Congress examines surprise billing

by Julia Kyles, CPC on Apr 3, 2019

Surprise medical billing sounds bad; the reality is worse: A patient receives a large and unexpected medical bill because he received health care from a provider who was not in the patient’s health insurance network.

It’s not surprising that surprise billing is unpopular. However, only a few states have laws that provide comprehensive protection from surprise billing. Now members of Congress are mulling a national solution to the issue. Three senators introduced bills that would bar the practice for emergency care last year.

And the subcommittee on Health, Employment, Labor, and Pensions of the Education and Labor Committee held Congress’ first hearing on surprise medical billing yesterday. “We are here this morning to examine surprise medical billing–a serious issue that can disrupt, if not devastate, the lives of individuals and families,” stated chairwoman Rep. Frederica Wilson (D-Fla.) in the prepared portion of her opening statement.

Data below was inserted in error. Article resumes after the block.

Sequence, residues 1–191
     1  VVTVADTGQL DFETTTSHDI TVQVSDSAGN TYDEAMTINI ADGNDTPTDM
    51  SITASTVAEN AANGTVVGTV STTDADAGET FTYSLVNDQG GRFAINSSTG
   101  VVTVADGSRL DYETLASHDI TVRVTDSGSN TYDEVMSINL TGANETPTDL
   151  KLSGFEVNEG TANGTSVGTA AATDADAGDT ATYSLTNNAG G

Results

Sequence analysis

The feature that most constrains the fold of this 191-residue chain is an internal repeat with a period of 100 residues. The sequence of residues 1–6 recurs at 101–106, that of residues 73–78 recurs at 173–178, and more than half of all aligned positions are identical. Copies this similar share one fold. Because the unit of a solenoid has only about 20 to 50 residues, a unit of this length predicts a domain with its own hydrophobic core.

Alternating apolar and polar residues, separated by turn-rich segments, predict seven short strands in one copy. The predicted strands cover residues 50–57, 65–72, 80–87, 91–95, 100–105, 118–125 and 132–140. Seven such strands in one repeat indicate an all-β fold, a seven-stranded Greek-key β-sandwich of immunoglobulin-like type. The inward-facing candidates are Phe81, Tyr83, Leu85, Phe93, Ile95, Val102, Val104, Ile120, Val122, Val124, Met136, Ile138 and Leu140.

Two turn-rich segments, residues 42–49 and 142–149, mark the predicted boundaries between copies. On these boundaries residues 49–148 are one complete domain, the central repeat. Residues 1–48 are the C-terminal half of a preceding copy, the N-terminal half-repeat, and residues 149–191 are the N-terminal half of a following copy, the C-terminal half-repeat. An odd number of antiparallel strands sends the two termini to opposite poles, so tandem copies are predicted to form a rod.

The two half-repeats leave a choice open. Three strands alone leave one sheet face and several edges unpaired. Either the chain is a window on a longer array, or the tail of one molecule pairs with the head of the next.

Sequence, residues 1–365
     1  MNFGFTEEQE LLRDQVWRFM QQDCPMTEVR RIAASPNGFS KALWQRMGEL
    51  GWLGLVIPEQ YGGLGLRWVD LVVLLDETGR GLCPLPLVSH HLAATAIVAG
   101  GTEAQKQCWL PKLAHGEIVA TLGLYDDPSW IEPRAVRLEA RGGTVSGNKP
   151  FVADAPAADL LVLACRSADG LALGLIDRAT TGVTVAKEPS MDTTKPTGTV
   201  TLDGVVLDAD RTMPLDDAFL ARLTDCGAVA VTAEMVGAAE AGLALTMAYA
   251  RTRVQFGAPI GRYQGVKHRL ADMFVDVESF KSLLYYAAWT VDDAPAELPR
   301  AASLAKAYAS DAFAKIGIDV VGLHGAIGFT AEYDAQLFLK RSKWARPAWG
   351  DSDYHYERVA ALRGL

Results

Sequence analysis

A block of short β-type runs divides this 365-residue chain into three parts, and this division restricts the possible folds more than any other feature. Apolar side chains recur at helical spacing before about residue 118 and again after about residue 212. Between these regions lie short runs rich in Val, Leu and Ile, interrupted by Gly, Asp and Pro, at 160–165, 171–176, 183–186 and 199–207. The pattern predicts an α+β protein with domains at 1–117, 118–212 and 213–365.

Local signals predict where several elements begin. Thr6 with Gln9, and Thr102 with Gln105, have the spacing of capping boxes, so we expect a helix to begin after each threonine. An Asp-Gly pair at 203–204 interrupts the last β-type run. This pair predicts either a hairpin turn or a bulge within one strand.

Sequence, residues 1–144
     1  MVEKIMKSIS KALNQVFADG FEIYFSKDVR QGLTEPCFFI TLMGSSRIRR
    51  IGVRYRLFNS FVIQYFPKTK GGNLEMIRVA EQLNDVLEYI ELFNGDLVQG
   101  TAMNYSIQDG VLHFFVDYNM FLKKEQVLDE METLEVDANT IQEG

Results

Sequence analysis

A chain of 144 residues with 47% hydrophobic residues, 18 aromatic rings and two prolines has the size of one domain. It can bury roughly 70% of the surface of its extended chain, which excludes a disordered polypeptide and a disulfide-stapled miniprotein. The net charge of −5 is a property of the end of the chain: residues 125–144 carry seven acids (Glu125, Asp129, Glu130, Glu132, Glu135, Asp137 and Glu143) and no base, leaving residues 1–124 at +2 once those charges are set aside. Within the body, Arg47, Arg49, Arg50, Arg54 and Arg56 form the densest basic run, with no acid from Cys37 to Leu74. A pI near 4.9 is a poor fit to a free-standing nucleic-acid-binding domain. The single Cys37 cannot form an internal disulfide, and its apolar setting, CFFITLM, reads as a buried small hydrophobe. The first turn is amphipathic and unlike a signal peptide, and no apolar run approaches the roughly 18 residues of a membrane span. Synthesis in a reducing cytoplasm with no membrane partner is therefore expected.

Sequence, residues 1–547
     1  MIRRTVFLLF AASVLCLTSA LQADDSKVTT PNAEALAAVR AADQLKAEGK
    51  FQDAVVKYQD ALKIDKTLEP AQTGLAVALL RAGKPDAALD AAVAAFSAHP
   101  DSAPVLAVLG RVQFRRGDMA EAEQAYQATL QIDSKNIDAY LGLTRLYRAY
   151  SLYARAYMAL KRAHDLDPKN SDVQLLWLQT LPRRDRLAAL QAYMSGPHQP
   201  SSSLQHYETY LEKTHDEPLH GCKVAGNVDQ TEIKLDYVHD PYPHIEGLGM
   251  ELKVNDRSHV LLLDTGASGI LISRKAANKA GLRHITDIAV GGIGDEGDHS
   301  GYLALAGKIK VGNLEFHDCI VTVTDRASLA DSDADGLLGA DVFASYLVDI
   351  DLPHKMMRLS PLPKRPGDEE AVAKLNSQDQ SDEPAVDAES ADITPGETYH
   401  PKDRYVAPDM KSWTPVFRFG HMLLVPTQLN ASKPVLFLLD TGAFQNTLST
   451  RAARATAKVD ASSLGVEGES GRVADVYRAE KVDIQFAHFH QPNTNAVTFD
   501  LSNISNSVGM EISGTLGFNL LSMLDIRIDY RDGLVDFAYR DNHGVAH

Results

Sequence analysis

Committee member Rep. Phil Roe, M.D. (R-Tenn.) complained that he had been “negotiated out of networks” and warned that he had been falsely listed as in-network. “Many of those unscrupulous networks will use that to get people to sign up, because 'my doctor is in there' when they're really not, and you get a surprise bill.”

Industry giants weighed in as well. AHIP, FHA, AHA and the AMA all agree that surprise billing is a huge problem and offered their solutions. Industry leaders called for simple solutions – ones that won’t disrupt payments – but the complexity of U.S. health care may keep the status quo in place. As Rep. Susan Wild (D-Pa.) observed:

"I'm struck by the fact that we all seem to be wanting a solution to this problem, but the solutions I'm hearing don't sound really workable in the context of our present medical system, and that's where I struggle to understand how we're going to fix this."

Blog Tags: health care reform
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